Prescription charges for cancer patients in England are to be abolished next year, and eventually all patients with long-term conditions will receive their medicines for free, Prime Minister Gordon Brown has announced.

About a quarter of a million cancer patients will no longer pay the £7.10 per item prescription charge from next April, and around five million will eventually become exempt when all those with long-term conditions are also covered, the Prime Minister told Labour’s annual conference in Manchester this week.

The measure is expected to cost about £20 million in the first year, rising to £300 million annually when all long-term conditions are included. It will be paid for by National Health Service (NHS) drugs budget savings generated through increased bulk-buying and greater use of generics rather than branded products.

"Because we know that almost every British family has been touched by cancer, [Health Secretary] Alan Johnson and I know we must do more to relieve the financial worry that so often goes alongside the heartache, so our plan is next year to abolish all prescription charges for everyone with cancer,” Mr Brown told the conference. “In the long term, as the NHS generates cash savings in its drugs budget, we will plough them back into abolishing charges for all patients with long-term conditions," he added.

The change, which will require legislative action, will be achieved by adding cancer to the list of medical conditions for which patients are eligible for certificates exempting them from prescription charges. The government says it will consult with clinicians, patient groups and other stakeholders on the exemption of other long-term conditions.

Patient groups in England have been campaigning strongly for the abolition of prescription charges, and the announcement was described as “great news” by Samia al Quadhi, chief executive of the charity Breast Cancer Care, who said: “Patients have had to make appalling choices between paying for what may be years of follow-up treatment or their household bills. Nearly half of breast cancer patients told us they had experienced financial difficulties after being forced to pay prescription charges for their treatment, and 15% had not taken the drugs they desperately need because of the cost.”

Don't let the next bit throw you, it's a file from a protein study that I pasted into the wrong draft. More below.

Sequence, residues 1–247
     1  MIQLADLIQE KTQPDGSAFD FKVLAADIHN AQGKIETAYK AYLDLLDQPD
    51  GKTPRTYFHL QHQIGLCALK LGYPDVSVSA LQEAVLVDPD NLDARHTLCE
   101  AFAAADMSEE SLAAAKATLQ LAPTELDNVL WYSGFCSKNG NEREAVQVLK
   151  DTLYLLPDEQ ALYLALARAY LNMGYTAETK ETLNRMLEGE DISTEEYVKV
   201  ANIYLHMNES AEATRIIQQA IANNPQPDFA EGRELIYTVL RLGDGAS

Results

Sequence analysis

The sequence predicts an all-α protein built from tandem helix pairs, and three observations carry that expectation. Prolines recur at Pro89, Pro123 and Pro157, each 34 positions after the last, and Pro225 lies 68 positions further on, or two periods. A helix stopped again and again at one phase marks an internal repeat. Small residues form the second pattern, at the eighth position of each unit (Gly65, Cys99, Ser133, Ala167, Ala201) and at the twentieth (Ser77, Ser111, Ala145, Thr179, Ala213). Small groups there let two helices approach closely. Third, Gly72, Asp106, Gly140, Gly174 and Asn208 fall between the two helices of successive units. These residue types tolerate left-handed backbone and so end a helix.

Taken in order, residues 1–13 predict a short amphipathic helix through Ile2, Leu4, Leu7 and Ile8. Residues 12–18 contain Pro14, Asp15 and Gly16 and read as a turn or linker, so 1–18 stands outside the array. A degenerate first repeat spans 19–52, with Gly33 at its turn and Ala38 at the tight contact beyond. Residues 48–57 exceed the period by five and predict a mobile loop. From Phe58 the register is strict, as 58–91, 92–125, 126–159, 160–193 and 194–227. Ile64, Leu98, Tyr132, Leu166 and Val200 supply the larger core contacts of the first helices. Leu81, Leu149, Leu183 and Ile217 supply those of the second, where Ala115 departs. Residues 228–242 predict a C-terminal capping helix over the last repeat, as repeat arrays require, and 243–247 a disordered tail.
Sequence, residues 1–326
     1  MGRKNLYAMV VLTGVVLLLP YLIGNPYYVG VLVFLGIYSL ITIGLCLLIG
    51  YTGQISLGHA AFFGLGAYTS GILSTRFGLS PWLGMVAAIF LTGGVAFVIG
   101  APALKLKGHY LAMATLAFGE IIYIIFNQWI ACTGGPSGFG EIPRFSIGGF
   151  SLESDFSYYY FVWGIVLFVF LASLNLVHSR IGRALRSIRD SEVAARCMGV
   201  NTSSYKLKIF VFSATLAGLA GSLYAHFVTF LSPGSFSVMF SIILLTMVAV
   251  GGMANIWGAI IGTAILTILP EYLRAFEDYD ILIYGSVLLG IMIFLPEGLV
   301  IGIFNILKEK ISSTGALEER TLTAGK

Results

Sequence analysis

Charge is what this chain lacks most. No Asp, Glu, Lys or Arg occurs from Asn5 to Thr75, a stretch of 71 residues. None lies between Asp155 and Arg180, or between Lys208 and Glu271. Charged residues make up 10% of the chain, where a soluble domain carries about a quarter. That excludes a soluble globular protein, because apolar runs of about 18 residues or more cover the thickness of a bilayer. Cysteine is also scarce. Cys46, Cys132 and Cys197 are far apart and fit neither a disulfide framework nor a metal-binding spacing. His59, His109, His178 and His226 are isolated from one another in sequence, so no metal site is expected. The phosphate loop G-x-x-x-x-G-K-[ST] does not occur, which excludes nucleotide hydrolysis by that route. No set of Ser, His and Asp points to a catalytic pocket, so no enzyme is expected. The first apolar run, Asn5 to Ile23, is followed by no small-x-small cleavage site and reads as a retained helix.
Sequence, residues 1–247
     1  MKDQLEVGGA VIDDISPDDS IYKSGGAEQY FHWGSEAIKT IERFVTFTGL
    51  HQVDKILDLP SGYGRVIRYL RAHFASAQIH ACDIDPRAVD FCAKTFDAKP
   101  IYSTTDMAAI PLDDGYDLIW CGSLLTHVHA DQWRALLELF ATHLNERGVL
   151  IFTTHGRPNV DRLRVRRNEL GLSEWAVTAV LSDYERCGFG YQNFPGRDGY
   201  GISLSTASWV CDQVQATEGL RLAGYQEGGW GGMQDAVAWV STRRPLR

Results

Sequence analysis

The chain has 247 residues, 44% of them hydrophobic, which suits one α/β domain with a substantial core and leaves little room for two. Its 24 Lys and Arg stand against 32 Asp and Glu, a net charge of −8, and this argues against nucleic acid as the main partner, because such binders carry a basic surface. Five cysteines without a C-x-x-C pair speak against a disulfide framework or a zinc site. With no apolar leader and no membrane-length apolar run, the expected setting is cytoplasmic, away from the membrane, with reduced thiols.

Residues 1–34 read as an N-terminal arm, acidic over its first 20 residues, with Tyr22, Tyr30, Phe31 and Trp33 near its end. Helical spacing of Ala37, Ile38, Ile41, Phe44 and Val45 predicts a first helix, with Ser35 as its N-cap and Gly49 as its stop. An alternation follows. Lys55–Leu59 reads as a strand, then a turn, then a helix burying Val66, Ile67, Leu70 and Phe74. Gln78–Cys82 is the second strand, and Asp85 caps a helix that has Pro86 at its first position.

Representatives of other patient groups urged the government to work quickly to get the exemption extended beyond cancer treatment to other conditions such as multiple sclerosis (MS).

Simon Gillespie, chief executive of the MS Society, pointed out that the financial burden of paying for drugs “is the last thing you need when you have a condition like MS. We will be very keen to find out how and when this is going to happen - the sooner the better,” he said.

The Royal Pharmaceutical Society of Great Britain (RPSGB) also welcomed the move but sounded a note of caution. Beth Taylor, who chairs the Society’s English Pharmacy Board, warned that generating cash savings from the NHS drugs budget “may not be as easy as [the Prime Minister] thinks.”

His promise to exempt all patients with long-term conditions should not be conditional on such savings, she said, adding: “patients should not have to pay if the NHS fails to deliver savings in the drugs budget.”

Funds for the NHS in England arising from the prescription charge totalled £430 million in 2006-7 and are expected to raise £435 million in 2008-9, says the Department of Health. Currently, patients who purchase a three-month or 12-month prescription payment certificate (PPC) can get all their medicines for less than £2.00 a week, while people on low incomes who are not automatically exempt are eligible for help through the NHS Low Income Scheme. However, 88% of all prescription items are currently dispensed free of charge.

Change urged in Northern Ireland

Meantime, following Mr Brown’s announcement and with prescription charges having already been abolished in Wales and the Scottish government pledging to end them by 2011, patient groups in Northern Ireland are urging their government to follow suit.

"We believe it is morally wrong for cancer patients in Northern Ireland - and there are more than 50,000 people living with cancer here – to pay for their prescriptions when patients in the rest of UK don't have to," said Heather Monteverde of Macmillan Cancer Support in Northern Ireland.